Rumors of my death

have been greatly exaggerated.

The move to Wisconsin is complete and we’re good and settled in. We love our house to bits. The country is really beautiful, the lake is a lot of fun and the neighbors we’ve met have been great. There’s even a local coffee shop where we hang out for some local color and have laughs with other folks who live on this section of river. It’s the Wisconsin river and particularly the Grandfather Flowage. That’s the part of a river between 2 dams, this section has the Grandmother and the Grandfather, both of which make electricity so the water is always moving a little and the level never gets too high or too low; hence the name flowage.

Anyway, being where we are has some challenges. The biggest is the internet. It sucks. There is no cable at all and so that leaves satellite or cellular. For now we’re using cellular, but are limited to 20gb per month. Yep, that’s it. So given that the images I work with are so large, I’m going to batch upload to my photo sites when I get to the library and can use the wifi there. Luckily we have a pretty great library system up here in the Northwoods so it shouldn’t be an issue. It will be weird though and I won’t be able to post nearly as often to those sites. At least I can upload high quality images though. You should see the crap that comes from keeping jpegs under 100k. The horror, the horror.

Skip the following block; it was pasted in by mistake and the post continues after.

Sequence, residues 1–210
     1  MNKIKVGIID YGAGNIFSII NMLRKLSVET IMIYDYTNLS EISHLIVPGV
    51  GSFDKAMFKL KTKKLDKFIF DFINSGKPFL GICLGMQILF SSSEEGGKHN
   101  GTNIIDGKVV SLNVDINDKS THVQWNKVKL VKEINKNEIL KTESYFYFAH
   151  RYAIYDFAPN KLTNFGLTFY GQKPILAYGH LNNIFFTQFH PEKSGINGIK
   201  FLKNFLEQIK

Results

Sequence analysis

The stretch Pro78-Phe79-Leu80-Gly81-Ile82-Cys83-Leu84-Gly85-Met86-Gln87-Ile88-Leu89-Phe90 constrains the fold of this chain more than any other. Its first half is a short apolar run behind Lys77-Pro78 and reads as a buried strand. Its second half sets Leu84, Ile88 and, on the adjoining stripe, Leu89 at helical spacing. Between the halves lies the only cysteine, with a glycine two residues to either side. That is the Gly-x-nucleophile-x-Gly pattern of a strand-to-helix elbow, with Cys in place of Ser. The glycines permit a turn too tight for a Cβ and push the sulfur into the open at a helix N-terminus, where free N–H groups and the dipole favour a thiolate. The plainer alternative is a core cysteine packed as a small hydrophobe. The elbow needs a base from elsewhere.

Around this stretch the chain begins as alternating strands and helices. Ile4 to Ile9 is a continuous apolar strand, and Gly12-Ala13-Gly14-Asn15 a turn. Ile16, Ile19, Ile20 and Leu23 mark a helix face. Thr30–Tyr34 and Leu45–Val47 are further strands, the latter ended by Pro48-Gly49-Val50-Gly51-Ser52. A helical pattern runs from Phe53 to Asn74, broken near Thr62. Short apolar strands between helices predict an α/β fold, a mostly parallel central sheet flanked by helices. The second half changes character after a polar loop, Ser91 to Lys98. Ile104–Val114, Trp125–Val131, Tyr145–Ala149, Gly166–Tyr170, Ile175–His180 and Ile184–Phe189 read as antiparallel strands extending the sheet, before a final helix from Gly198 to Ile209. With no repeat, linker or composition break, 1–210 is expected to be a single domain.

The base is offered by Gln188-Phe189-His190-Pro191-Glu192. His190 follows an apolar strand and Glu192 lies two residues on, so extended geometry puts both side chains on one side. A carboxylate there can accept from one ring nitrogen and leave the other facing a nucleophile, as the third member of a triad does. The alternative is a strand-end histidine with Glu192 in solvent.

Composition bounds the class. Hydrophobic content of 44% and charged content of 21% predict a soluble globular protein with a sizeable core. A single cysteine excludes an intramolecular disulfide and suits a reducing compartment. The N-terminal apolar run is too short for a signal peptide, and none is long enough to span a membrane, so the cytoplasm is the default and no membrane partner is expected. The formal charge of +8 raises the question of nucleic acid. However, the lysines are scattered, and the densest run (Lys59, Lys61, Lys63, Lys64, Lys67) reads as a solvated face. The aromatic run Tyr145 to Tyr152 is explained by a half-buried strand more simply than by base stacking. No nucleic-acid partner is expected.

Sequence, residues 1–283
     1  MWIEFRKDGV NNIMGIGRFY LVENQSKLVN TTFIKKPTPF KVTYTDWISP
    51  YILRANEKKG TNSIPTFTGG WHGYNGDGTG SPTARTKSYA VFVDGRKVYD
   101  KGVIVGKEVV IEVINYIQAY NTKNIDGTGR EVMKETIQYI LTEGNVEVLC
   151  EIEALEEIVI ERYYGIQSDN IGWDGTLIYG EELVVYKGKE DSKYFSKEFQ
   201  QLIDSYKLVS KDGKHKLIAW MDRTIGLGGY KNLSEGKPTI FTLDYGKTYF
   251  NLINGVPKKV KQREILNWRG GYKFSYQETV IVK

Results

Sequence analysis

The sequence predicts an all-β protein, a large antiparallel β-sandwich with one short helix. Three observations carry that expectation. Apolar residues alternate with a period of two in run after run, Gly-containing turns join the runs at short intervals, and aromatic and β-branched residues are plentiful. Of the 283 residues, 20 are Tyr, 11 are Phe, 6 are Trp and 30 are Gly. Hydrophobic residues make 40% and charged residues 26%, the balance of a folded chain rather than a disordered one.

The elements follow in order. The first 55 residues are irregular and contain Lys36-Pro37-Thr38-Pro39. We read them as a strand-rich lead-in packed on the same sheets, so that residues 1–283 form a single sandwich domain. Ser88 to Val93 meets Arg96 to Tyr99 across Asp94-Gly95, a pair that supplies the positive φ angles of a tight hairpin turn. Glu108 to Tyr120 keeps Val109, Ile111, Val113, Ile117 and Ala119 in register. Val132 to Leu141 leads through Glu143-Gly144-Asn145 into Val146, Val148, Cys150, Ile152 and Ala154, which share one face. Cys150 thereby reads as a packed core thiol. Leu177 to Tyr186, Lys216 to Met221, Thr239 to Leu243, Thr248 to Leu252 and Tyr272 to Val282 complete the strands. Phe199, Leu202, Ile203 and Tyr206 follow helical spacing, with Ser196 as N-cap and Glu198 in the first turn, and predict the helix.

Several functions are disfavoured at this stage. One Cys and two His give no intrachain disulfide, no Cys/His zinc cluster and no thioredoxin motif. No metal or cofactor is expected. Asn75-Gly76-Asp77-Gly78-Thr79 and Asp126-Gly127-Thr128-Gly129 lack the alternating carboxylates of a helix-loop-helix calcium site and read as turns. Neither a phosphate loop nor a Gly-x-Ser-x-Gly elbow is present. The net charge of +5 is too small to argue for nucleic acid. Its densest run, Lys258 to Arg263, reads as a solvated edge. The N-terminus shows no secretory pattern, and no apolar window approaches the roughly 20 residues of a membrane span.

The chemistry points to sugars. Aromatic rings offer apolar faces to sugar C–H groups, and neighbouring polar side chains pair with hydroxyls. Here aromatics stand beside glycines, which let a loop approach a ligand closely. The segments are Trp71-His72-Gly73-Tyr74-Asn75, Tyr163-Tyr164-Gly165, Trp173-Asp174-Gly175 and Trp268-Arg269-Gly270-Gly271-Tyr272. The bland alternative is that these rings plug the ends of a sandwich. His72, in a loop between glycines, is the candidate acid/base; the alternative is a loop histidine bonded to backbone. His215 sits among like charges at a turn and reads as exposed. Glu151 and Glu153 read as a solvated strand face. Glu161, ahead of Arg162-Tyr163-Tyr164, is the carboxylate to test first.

Here are some shots that are processed and uploaded. They’re from a kayak trip upriver. I really need a longer lens for bird photography. This little green heron was very patient and let me drift rather close, but eventually it spooked and off it flew. We also have a resident loon that I see or hear pretty much every day. It seems to hang out within sight of our dock quite a bit.

Little greenie hunting

Because the flowage is fairly large (750+ acres) and there’s a lot of wind, the chop can be merciless. When a still day comes around I jump on it though and believe me, it’s nice being able just to be able to walk into the backyard and put the kayak in the water.